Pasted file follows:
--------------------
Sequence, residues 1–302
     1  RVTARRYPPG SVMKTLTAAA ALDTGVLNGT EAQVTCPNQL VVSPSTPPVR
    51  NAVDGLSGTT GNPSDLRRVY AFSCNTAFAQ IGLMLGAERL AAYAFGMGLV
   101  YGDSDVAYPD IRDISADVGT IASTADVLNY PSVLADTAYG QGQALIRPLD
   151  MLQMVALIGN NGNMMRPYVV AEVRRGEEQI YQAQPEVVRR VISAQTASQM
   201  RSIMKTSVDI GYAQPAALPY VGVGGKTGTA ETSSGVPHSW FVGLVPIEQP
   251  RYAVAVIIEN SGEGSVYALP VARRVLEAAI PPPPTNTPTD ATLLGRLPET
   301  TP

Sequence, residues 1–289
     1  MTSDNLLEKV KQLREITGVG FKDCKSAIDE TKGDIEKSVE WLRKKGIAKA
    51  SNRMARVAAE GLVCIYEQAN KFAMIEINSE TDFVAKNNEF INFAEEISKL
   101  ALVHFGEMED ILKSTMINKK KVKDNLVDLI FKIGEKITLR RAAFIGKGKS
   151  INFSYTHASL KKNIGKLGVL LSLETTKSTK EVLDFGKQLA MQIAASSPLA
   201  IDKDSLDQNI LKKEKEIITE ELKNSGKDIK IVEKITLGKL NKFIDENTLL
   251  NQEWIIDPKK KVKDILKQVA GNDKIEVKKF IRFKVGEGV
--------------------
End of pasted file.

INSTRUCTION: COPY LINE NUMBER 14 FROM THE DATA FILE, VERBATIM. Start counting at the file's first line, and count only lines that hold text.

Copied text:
   201  IDKDSLDQNI LKKEKEIITE ELKNSGKDIK IVEKITLGKL NKFIDENTLL